One of the things I enjoy about being part of the Disability Arts on Line (DAO) family is that it provides for me a unique platform on which I can present my more adventurous cartoons.
Take the Criptarts for example. I haven't a clue where it's going each week and the end result is usually more of a surprise to me than to you. Of course I've got a rough outline in my mind for each episode, but it's as though the characters come alive once I've started to lay them out in the strip and they just take over.
You've only got to look at the last but one episode for an example. I'd decided to make some sort of comment about the heavy snow we'd been experiencing. I'd got a story-line mapped out and was pretty sure where it was going when Bonk, the self-defined 'nutter' with the purple spiky hair, suddenly jumped in with his joke. Just as I was about to make some serious comment about reduced access. As Aadila said: "Gross!"
You can go to the episode by clicking here.
And last week. Inspired by Liz Carr's performance as Clarissa Mullery on Silent Witness, I'd decided to 'guest' her on the strip. But what happens? The characters take over again and use it as an opportunity to take a poke at the government!
Click here and you'll see what I mean.
It was the same when I invited Penny Pepper onto the strip. I still haven't got the felt tip off the laptop!
Click here ...
So as the strip continues, be prepared for further undisciplined behaviour from Bonk, Liz, Aadila, Ben, Ranj, Val, and their guests. I will try and exercise some editorial control, but as Colin Hambrook, DAO Editor, knows from past experience (especially with me!), I don't hold out much hope!
Several people have commented recently that my cartoons have become more 'dark' of late.
I suppose that it's inevitable considering the subject matter to hand these days; disabled people dying after having their benefits stopped, the government disassembling the welfare state and taking equality back to the dark ages, what can you expect?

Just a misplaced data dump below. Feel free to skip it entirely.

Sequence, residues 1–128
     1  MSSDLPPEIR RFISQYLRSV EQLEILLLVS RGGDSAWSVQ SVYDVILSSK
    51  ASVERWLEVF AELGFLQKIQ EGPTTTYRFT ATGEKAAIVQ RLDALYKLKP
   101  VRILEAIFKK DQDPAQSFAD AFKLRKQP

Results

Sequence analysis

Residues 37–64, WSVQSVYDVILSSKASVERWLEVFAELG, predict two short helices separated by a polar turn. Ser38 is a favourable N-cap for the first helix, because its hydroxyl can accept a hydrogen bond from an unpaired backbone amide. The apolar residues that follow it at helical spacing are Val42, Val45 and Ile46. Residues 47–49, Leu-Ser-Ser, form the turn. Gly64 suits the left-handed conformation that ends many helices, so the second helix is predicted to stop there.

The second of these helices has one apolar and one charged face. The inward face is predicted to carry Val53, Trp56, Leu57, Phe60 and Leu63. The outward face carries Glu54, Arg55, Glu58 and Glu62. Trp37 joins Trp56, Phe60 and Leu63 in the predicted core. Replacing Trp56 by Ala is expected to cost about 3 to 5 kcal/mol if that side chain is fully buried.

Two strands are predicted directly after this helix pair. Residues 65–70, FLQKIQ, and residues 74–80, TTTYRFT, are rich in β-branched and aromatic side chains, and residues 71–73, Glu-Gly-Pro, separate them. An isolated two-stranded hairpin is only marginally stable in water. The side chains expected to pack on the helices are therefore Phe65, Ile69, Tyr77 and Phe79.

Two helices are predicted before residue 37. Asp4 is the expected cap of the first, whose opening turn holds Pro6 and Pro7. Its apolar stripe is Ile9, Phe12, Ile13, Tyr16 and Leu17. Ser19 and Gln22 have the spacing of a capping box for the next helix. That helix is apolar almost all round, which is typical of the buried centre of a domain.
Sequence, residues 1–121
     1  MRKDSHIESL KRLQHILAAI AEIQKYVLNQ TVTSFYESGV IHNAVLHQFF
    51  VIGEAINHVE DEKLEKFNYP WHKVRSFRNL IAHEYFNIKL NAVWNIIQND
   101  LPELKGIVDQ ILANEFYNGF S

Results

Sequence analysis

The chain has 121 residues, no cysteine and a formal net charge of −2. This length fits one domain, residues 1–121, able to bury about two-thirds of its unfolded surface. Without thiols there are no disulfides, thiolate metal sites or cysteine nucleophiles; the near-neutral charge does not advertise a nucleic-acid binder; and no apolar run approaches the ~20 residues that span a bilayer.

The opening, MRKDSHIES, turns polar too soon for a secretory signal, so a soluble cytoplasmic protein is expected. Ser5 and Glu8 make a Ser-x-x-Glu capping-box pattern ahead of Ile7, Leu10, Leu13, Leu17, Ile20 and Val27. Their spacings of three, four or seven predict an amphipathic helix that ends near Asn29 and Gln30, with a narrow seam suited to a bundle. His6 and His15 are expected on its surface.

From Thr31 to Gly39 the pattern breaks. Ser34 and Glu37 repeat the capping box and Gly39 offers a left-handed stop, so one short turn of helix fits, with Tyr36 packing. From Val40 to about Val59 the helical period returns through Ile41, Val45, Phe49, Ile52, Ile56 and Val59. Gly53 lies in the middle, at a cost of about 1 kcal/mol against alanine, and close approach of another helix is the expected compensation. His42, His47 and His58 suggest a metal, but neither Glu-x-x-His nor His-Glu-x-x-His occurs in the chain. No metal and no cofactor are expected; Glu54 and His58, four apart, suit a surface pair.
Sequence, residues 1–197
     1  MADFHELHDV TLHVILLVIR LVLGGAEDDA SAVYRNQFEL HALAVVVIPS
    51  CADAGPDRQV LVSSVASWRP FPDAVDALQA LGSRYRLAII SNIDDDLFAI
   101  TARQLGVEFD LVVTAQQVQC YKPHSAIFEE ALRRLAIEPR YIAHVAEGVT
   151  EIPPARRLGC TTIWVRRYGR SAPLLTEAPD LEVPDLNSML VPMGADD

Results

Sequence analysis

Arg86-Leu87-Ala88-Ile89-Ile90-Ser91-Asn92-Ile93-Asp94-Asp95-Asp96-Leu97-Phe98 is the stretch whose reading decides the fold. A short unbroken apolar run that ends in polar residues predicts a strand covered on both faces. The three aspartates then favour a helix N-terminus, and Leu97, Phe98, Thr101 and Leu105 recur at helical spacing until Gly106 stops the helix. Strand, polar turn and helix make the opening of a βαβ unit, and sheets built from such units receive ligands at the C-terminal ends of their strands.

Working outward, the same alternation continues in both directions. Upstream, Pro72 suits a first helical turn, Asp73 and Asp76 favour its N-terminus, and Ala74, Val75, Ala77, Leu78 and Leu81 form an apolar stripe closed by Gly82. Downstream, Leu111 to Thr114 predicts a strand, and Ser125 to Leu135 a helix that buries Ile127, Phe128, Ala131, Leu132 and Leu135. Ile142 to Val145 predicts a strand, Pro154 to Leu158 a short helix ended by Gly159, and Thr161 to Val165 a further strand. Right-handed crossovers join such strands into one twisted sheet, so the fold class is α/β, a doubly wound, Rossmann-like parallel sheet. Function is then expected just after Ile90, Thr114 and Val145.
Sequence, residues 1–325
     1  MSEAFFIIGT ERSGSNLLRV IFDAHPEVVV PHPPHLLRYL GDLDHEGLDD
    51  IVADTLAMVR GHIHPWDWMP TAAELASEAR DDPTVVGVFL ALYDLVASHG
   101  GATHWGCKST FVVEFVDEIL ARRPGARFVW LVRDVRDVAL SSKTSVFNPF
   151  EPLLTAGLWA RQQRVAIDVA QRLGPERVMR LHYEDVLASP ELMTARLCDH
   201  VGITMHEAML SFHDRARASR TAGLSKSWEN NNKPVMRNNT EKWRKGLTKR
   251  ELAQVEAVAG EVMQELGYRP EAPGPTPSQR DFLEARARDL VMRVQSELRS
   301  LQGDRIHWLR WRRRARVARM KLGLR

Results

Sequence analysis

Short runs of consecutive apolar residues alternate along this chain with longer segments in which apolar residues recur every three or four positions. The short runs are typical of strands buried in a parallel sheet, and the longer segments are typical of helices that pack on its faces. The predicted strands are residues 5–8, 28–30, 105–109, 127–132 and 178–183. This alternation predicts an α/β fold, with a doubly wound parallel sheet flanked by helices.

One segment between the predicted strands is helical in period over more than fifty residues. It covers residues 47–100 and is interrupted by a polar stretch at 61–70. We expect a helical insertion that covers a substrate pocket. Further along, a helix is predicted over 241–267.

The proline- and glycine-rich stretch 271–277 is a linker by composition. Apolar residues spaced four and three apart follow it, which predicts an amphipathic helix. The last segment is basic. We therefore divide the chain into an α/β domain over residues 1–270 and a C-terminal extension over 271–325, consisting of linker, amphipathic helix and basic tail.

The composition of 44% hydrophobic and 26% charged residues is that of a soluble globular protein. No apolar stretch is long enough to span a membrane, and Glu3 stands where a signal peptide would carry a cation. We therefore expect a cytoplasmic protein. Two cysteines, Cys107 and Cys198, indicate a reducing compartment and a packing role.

I'm not consciously looking for bleaker material you understand. It's just that it's being thrust into our faces everywhere we turn. Even the so called 'right wing' press have started to recognise that all is not right with the way the government is running the country ... and that's saying something!
So you'll be pleased to hear that I've been working on a new strip cartoon for Disability Arts on Line (DAO) that takes a look at disability from a slightly lighter perspective. The characters all belong to a Disability Arts group ... but you're going to have to wait until we publish to see more!
But what was that I said about the dark ages? Now there's an idea for a cartoon ...
Last week at the Shape media conference I had the pleasure of meeting Kristina Veasey. She has taken part in two Paralympics and talked about her own experiences competing as a disabled athlete.
For most of us non-athletic Crips, and in particular those of us involved in disability arts, the world of the Paralympian seems remote to say the least. We see them as single minded Super Crips with no interest or involvement in disability politics and protest. What we do hear about are those sporty wheelchair users with amazing upper body strength telling non-disabled people that they don't need ramps!
The media love them as well, providing photo opportunities of 'good' disabled people (as opposed to 'bad' disabled people who are scrounging on disability benefit and can't be arsed to find a job!).
All this media hype of course goes to reinforce the stereotypes of disability that Mr and Mrs Jo Public know and love. The acceptable face of disability versus the unacceptable.
But having chatted to Kristina after her talk, I learned a few things. For example did you know that all Paralympians have to sign a contract that specifically prohibits them from taking part in any political protest during the duration of the games?
This means that if they did protest for the duration of the games, (against ATOS for example) they would have sacrificed years of training and would have to return any medals that they had won.
But some paralympians find ways around the system. For example Kristina told me that was why, as a retired paralympian, she became Amnesty International's paralympic ambassador during the Beijing games - "so I could give voice to protest."
Perhaps between us all - paralympians, activists, disabled artists - we could start to tear down the wall that the media & society have erected and start working together.
As ever the challenge is to be able to communicate more openly with each other and to be prepared to let go of those unhelpful stereotypes. I include myself in this as a veteran of creating and maintaining some of these stereotypes. My exchange with Kristina was a kick in my assumptions which I found very helpful and thought provoking.
Perhaps all disabled people, all working together could create a power base strong enough to bring this government and their draconian measures to a shuddering halt.
We can but hope.
BTW if you do have tickets for Paralympic events you may be asked to participate in an on-line survey. Why not use this opportunity to voice some of our concerns about the dichotomy between the experiences of paralympians and many other disabled people. Here's your chance to comment on the gap between the portrayal of paralympic athletes and the daily struggle against barriers that most disabled people face.